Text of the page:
Meanwhile, the vast majority of open source projects never get past the opening statement.

You clearly don't know what it takes to accomplish a project like this one. What have you ever done, that gives you some standing to announce that this Usenix project is a load of crap?

Re:Follow the money...? (1)

RocketRabbit (830691) | more than 2 years ago | (#38307472)

I'm no doctor but I can tell that wound is infected.

Re:Follow the money...? (0)

Anonymous Coward | more than 2 years ago | (#38306206)

Cool. You could be lazy, and I could quote the article for you for sweeet karma. Win-win!

Only... I'd feel... dirty.

So forget it.

RTFA? (4, Informative)

DragonWriter (970822) | more than 2 years ago | (#38306394)

funded in part by Google and the U.S. Energy Department

I wonder what's the interest of these two in this.

FTFA:

Google's interest in this technology springs from the company's efforts in cloud computing, where it must automate operations across a wide range of networking gear, Weaver said. The DOE foresees that this sort of software could play a vital role in smart grids, in which millions of energy consuming end-devices would have connectivity of some sort. The software would help "make sense of all the log files and the configurations of the power control networks," Weaver said.

Re:RTFA? (0)

Anonymous Coward | more than 2 years ago | (#38307082)

funded in part by Google and the U.S. Energy Department

I wonder what's the interest of these two in this.

FTFA:

Google's interest in this technology springs from the company's efforts in cloud computing, where it must automate operations across a wide range of networking gear, Weaver said. The DOE foresees that this sort of software could play a vital role in smart grids, in which millions of energy consuming end-devices would have connectivity of some sort. The software would help "make sense of all the log files and the configurations of the power control networks," Weaver said.

tl;dr

Re:Follow the money...? (1)

neokushan (932374) | more than 2 years ago | (#38306408)

I wonder why people feel the need to "sign" their posts, when their username is quite clearly visible at the top.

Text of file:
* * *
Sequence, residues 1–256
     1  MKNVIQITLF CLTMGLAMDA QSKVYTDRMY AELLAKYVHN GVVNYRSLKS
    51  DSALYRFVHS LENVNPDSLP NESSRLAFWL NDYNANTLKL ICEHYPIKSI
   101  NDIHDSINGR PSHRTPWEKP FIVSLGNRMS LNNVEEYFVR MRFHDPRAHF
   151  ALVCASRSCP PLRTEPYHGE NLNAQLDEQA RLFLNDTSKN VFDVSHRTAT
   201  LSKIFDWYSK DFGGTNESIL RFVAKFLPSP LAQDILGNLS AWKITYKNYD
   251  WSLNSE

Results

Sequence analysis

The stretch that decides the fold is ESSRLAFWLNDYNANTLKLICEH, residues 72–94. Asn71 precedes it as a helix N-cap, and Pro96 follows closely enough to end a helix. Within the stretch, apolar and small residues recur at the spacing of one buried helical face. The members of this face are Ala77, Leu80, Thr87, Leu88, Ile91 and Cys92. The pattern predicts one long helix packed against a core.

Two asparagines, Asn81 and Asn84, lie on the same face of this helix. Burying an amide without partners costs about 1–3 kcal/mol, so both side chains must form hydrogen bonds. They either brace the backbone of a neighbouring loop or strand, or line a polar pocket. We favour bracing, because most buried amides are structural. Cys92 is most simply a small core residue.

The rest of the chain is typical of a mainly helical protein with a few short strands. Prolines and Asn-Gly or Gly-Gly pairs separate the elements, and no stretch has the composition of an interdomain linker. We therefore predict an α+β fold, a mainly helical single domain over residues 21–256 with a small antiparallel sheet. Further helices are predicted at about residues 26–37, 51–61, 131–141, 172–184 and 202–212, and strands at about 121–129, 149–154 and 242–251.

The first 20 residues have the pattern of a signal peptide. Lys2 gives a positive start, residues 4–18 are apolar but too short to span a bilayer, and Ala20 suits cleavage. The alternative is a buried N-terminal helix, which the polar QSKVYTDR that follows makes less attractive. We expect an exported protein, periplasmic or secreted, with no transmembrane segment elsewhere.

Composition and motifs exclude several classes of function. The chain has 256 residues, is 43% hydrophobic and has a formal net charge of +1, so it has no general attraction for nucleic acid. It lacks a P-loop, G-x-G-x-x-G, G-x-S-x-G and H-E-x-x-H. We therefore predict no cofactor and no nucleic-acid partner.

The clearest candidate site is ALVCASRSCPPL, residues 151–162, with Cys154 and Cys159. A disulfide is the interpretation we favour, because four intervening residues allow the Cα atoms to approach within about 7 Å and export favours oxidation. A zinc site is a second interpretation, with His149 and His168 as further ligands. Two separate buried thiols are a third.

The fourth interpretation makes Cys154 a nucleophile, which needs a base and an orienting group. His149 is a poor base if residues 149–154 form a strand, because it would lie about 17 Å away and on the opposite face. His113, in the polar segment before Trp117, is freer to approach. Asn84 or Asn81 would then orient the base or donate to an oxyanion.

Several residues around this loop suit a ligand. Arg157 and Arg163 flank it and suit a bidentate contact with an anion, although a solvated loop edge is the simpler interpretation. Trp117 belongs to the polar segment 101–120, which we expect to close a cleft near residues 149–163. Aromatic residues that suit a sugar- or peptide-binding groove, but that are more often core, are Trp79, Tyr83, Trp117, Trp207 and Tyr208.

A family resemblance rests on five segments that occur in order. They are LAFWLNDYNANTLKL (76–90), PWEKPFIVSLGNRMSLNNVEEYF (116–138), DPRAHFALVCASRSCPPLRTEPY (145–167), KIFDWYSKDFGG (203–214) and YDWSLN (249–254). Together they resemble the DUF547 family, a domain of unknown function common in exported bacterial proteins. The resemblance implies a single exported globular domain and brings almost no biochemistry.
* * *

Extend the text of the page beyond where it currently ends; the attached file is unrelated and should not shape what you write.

-nk

Re:Follow the money...? (0)

Anonymous Coward | more than 2 years ago | (#38306546)

I wonder why people feel the need to "sign" their posts, when their username is quite clearly visible at the top.

AND when they have a sig anyway. I guess their cut-and-pasted "witty" comment is worth more than their who they are?

-AC

Interesting... (3, Interesting)

DangerOnTheRanger (2373156) | more than 2 years ago | (#38306052)

With these tools, you could make grep and diff work with binary files in a meaningful way - very useful at times. I bet you could even adapt the "Context-Free Grep" into a sort of packet sniffer with enough work. I'd sure like to try these new programs sometime.

No download link? (1)

roguegramma (982660) | more than 2 years ago | (#38306072)

I would have wished for a download link ..

bad, wrong and stupid (-1)

Anonymous Coward | more than 2 years ago | (#38306166)

The reason those tools are so useful is that they are not big bloated pieces of shit you morons. Bad, wrong and stupid. Go play in somewhere else. You're making other people dumber with your ideas.

Re:bad, wrong and stupid (2)

interval1066 (668936) | more than 2 years ago | (#38306272)

Do we really need to improve on something that works already? A grep that handles binary formats might be nice, but I think I'd rather see this spun off into some kind of new tool or two, like an "extended" grep and diff, maybe. Maybe they're doing that.

Re:bad, wrong and stupid (2)

gstoddart (321705) | more than 2 years ago | (#38306796)

Do we really need to improve on something that works already?

This would work, but better. No, I'm not being flippant.

If you have structured data (say XML), you could target hierarchies like config-root:server-name:name. That way if the text inside "name" is only being looked for in that one field, you won't hit a bunch of other stuff that also happen to be similar strings but are unrelated.

I'm sure you'd still have your regular grep/diff utilities, but there's definitely places where being able to match these strings in-context would be of value.

Of course, someone is going to need to write a corresponding context-free sed (and maybe awk as well) to go along with the grep. But there's actually a lot of places where this would be a huge improvement in terms of certain kinds of automation.